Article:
This week families all over the country received secondary school offers – and what a strange offer day it was, with many children finding out they may be going to a school they have never had the chance to visit in person.
Thanks to COVID-19, traditional open days had to be thrown by the wayside in favour of virtual substitutes. As a parent who did all the secondary school visits with my oldest child a few years ago, I know how exhausting that process can be, especially when trying to schedule the visits all in around work. In a way, I secretly kind of liked not having to juggle that same process this year for my youngest.
But the downside, and it is a big one, is not being able to get a real ‘feel’ for the school and a genuine sense of what the leaders and teachers are like. That was very much how my oldest ended up in her school – it was an instant, lightbulb moment during an open morning when I knew it perfectly fit her and she would thrive, and she absolutely has.
There has been a lot more trepidation undertaking the same process for my son this year. My daughter is in a girls’ school, so that was not an option. We had also moved recently, to an area with schools I was not familiar with and I did not have any friends whose children attended them.
Open mornings were swapped for Saturday morning group zooms with headteachers and YouTube video tours. Personally, as a parent I loved the switch to remote parent teacher conferences this year (and hope that continues), but I really missed live open days and seeing the schools in action. The virtual option did not give me a glimpse of the behaviour, a real sense of the headteacher, an in-person feel for the quality of pastoral support and the chance to imagine my son in the different learning environments.
Whilst it has been difficult from the parent angle, it has also been challenging from the school angle. Virtual open mornings were certainly not ideal for schools either, and I don’t think I attended a single virtual open morning that was not plagued by some sort of technical glitch during which parents sympathised with the cringing headteacher trying to sort it out.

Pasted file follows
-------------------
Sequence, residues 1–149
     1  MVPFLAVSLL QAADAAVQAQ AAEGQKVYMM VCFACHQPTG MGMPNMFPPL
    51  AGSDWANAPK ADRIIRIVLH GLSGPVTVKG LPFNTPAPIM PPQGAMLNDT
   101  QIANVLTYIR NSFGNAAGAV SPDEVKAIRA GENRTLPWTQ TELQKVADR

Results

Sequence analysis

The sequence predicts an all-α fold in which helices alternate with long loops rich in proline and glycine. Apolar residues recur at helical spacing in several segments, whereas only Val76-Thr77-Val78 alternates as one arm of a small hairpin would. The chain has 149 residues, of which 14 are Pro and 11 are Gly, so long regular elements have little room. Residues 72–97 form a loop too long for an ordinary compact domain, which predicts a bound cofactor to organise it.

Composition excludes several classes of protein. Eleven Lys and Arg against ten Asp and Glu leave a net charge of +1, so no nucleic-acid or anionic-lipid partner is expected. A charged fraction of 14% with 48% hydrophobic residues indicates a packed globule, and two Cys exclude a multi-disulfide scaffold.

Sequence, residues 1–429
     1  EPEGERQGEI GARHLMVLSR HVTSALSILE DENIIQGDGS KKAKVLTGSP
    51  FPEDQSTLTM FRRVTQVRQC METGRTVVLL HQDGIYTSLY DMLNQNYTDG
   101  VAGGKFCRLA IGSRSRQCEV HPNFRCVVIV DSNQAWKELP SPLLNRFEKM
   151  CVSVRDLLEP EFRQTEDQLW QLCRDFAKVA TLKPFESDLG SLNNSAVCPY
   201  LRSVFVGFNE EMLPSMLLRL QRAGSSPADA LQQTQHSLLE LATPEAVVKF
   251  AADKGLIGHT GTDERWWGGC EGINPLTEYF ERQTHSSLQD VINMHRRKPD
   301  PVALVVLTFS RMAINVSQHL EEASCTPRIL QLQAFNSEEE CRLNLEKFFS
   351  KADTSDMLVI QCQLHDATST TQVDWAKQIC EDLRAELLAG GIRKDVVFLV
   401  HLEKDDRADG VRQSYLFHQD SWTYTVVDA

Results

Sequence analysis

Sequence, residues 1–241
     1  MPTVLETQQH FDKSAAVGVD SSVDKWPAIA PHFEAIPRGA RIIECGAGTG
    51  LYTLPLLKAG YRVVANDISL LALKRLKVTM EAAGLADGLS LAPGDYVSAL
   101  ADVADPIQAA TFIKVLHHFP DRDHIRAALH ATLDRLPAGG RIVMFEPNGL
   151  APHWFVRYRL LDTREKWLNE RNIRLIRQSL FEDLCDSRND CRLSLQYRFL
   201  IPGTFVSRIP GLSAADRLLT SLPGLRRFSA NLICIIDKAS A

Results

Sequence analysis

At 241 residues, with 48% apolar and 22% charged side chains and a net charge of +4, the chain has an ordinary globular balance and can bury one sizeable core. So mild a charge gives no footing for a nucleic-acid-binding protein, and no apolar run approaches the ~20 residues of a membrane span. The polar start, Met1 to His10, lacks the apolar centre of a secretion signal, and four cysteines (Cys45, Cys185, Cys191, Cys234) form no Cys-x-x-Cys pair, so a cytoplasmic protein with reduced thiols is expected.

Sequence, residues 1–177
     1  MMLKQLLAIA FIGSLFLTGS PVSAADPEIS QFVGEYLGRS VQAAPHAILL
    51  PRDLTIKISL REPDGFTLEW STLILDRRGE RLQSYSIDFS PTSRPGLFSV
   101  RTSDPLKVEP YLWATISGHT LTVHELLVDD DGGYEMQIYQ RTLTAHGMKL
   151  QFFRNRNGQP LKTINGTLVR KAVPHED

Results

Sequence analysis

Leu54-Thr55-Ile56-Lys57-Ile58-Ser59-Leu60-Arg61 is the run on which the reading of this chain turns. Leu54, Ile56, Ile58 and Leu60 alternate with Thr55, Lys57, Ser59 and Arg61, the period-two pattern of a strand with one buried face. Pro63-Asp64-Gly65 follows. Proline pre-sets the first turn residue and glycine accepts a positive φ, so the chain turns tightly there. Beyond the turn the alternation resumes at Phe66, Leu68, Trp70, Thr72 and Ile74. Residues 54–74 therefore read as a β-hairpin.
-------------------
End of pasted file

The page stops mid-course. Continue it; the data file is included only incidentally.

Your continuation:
Leaders also missed out because open mornings are their chance to attract new pupils by sharing all the things they love about their school, everything they are proud of, all the things they’ve worked so hard for that are truly making a difference and whatever plans they are really excited about.
Headteachers may not have had a chance to showcase their school outside of a laptop this year, but in September they will be welcoming their newest cohort of pupils, live and in-person. They will be building their communities with renewed vigour on the back of the pandemic and connecting with a whole new group of wide-eyed children, and their parents and carers who, even if they didn’t get to see the school in person in advance, are just so grateful for all the work both their former and new schools did to get their children there.
I think my son will still be going to the school that wins on gut instinct about what will fit him, but I do wish I could have had the chance to see all the schools properly as I had for my daughter, to then make what feels like a fully-informed choice. I know many parents will be feeling the same this year, whether for secondary places, primary or whatever stage their child’s next step is.
Clear, engaging comms for parents and carers new to the school, and opportunities to invite them into the school (when safe to do so), will be more important than ever in September, to help ease any lingering anxieties from not being able to visit in person, and to help build confidence in the care given to pupils as individuals.
The big thing for parents to remember though, is kids tend to adapt to these things much better than we do. My son will no doubt be happy and enjoy years 7+ because his new school will do a brilliant job welcoming him because that’s what schools do. And I will be a complete mess wherever he goes in September because my baby is going off to secondary school. That would have been the case even if the pandemic had never happened